So the answer is - Running Linux on RAM
Would that answer your question ?



posted on Jan, 27 2014 @ 03:04 PM
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reply to post by NullVoid
 


How are you doing it? That may be a great option for my next dedicated Linux machine.

I know you can install and run Windows 7 from a Ram Disk.

Covers installing Windows 7 to VHD, installing and configuring Grub4Dos, installing FiRaDisk driver.
Finally, describes loading VHD image into RAM and booting it.

reboot.pro...


I use a few Linux distros myself but I normally just triple boot. ( Love Zorin 7.1, Vector Linux 7, PC-BSD Isotope 9.1 ( BSD, not Linux but it plays almost all Linux apps as well as millions of BSD apps - check it out!)

~~~~~~~~~~~~~~~~~~~~~~~

I'm not giving up on this ram drive for performance boost idea. I don't believe you guys really know what your talking about. We have programs like Process Explorer and Process Monitor by Sysinternals that show what applications and processes are reading and writing to the drive. All I have to do is collate the data for a few days to see which ones most slow the pc down and put them in a ram drive along with temp and browsing, I may be able to get away with the drive being only 2 gigs leaving me with 6.. but i'll tell you.. i'm a gamer that plays the latest games My AMD chip has 2 gigs but if the game needs more it uses a system ram as shared. This type of shared ram via the AMD A8 APU is very efficient. I should be able to make good use of 6.. I don't think even any of the modern games use that much.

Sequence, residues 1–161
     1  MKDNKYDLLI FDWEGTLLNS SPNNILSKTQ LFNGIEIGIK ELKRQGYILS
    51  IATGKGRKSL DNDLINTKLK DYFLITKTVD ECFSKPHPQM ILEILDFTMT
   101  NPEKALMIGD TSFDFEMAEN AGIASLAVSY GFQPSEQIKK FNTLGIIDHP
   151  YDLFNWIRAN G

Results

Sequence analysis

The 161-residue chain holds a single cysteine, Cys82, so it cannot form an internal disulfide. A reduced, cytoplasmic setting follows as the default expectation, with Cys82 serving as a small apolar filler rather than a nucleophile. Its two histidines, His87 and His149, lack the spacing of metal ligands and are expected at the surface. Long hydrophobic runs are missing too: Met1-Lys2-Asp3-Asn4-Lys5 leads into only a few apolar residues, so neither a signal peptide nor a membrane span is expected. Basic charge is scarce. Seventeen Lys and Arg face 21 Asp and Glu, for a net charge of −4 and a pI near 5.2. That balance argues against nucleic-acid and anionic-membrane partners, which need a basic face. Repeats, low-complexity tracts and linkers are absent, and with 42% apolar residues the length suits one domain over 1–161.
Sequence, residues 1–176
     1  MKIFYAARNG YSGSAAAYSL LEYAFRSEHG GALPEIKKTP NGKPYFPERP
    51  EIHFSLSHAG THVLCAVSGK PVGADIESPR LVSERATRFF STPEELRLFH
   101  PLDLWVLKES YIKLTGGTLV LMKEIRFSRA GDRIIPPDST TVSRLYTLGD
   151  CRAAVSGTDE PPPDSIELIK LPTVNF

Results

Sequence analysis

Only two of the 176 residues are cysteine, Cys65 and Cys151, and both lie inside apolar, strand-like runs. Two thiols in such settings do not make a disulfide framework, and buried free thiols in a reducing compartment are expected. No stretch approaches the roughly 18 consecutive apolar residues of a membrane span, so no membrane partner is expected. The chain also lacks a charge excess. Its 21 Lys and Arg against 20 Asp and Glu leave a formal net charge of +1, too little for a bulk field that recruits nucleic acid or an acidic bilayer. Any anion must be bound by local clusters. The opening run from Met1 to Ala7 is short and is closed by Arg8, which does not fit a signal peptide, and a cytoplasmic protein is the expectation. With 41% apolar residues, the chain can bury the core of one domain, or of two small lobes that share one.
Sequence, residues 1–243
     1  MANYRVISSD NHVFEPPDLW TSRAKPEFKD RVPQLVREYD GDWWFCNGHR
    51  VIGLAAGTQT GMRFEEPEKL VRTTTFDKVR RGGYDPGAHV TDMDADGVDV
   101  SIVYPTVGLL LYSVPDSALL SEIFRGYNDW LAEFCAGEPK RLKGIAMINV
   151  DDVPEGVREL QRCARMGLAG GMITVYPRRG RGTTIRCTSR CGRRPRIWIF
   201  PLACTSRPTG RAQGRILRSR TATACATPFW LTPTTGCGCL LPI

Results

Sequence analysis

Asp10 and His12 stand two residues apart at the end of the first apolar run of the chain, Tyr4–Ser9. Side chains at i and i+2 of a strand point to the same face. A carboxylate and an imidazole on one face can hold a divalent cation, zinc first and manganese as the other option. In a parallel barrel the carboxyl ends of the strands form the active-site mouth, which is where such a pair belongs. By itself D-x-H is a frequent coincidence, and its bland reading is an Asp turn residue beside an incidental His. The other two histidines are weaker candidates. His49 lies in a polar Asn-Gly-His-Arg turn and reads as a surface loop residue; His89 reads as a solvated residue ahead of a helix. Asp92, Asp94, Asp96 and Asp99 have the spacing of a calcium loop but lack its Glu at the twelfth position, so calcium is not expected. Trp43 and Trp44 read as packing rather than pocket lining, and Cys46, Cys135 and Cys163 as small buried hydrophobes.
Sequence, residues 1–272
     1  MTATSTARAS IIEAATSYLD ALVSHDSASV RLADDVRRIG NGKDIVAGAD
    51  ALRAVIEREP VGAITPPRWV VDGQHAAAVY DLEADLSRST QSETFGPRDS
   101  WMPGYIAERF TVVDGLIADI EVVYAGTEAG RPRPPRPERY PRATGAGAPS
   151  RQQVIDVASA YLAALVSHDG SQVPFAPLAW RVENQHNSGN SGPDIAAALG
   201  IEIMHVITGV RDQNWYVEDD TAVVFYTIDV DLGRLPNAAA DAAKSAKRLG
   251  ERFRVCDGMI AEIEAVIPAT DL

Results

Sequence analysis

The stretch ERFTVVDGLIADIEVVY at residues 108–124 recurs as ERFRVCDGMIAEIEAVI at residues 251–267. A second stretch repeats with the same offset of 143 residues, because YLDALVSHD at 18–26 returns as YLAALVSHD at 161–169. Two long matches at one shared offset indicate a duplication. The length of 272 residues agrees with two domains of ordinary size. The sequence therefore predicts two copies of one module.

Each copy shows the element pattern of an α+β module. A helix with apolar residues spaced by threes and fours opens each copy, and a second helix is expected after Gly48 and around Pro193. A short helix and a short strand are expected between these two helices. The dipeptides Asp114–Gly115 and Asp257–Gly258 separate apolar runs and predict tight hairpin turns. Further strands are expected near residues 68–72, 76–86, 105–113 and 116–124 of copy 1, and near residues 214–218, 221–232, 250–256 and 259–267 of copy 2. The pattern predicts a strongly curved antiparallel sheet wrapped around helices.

I'm going to do a lil more research then give it a try. It HAS to give me some gains. I'll report back.

BTW folks.. you know they do make non volatile DIMMs now. They are not cheap but do able. I believe one day ram and ram drives will replace all other forms of computer processing needs and storage with backing up to something like a SSD. It's just the next logical step. When we get to that point (coming soon) people will be astonished that anyone would ever run an operating system off of something as slow as an SSD. LOL..